Budget 2012: Finmin seeks to blur plan-non-plan distinction
February, 03rd 2012
The Planning Commission and the finance ministry are at odds over the accounting of plan and non-plan schemes in the budget.
While the finance ministry is pushing for inclusion of more than 10 non-plan schemes in the planned budget for the next financial year, the Planning Commission is resisting the move as it would eat into the share of existing schemes. The commission's reluctance follows an expected cut or flat allocation in gross budgetary support for most plan schemes during the next fiscal. It has agreed only on including bank capitalisation under the planned head and that too if the finance ministry makes a separate allocation for it.
The ministry is anxious to curtail its non-plan expenditure, which shot up because of ballooning subsidies during the current financial year. While planned expenditure is considered to be beneficial for the economy as it directly leads to development and creation of assets, non-plan expenditure is a general consumption expenditure that needs to be kept in check.
The move to do away with the distinction between plan and non-plan spending is line with the recommendation of the C Ranagarajan committee on public expenditure management, which was set up by the Planning Commission in 2009.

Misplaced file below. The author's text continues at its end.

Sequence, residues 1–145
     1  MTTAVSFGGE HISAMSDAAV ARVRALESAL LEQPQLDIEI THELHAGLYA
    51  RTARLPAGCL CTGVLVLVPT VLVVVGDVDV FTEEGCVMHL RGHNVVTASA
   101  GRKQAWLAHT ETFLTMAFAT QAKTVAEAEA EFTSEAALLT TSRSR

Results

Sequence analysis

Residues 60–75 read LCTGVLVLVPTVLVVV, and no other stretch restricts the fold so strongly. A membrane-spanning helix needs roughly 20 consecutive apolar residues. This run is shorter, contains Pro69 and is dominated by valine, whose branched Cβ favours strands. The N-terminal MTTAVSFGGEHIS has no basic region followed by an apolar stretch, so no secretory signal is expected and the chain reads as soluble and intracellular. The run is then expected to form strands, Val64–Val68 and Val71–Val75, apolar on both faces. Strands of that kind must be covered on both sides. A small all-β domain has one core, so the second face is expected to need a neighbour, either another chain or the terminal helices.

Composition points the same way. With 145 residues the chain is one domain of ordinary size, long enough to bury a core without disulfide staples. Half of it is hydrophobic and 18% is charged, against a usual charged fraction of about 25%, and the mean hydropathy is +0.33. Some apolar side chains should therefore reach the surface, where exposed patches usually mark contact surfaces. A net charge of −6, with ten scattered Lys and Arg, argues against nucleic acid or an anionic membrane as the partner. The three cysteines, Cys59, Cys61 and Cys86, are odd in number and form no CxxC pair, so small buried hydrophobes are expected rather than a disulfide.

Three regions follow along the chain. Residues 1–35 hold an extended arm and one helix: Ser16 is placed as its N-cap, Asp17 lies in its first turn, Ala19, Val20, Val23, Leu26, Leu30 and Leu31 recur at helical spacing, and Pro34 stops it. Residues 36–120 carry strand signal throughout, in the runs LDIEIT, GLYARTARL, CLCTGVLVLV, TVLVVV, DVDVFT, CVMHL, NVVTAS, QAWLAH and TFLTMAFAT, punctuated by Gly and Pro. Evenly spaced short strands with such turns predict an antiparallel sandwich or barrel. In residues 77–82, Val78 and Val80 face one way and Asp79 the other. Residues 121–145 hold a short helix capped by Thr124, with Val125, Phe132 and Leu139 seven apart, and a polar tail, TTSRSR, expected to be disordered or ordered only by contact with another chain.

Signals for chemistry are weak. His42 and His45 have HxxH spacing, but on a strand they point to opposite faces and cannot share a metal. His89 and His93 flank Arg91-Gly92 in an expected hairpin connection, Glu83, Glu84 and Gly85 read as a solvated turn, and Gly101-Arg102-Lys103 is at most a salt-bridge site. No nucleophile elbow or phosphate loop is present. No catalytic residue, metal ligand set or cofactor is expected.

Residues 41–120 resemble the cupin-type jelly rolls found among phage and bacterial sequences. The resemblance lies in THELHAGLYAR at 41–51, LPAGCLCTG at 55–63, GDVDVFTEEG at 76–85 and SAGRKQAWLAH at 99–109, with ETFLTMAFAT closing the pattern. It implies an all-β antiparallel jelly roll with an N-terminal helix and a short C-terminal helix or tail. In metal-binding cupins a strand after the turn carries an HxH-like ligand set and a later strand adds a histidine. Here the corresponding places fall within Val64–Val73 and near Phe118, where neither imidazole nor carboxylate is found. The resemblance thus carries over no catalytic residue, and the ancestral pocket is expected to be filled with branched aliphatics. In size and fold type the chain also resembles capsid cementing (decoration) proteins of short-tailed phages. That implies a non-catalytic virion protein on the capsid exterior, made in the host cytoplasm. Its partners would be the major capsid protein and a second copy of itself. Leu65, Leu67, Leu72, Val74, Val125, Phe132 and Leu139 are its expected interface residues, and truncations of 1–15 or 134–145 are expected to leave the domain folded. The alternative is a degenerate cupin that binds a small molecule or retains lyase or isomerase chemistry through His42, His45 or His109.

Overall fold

"This is being discussed between the two and we are looking at ways to sort it out. While we need to bring more schemes under planned expenditure, the increase in GBS should accommodate adequately," a government official told ET. "The interest of the existing schemes should be maintained but then accounting within the budget needs to improve."
These schemes include several programmes launched after the 11th Plan had started. Traditionally, any scheme introduced after the plan begins is automatically classified as non-plan. But the government included some schemes that began midway under plan expenditure.
With reduction in number of schemes under the non-planned head, the ministry will get room to manoeuvre its limited resources across the various heads while reining in any increase in non-plan expenditure.
The government is aiming to prioritise fiscal consolidation in the budget as opposed to the practice of expansionary expenditure in earlier budgets. With the government expected to breach the fiscal deficit target of 4.6%, it is striving to keep it below 5% in the current fiscal while aiming for a sharp cut in the next.
The non-plan expenditure till December stood at 75.9% of the budgeted target as opposed to 73% last year. Most of it is primarily due to the surge in subsidies that are expected to surpass the budgeted estimates by nearly 1 lakh crore in 2011-12.
In budget 2011-12, the government expanded the ambit of plan expenditure to include four items that were earlier classified under non-plan expenditure.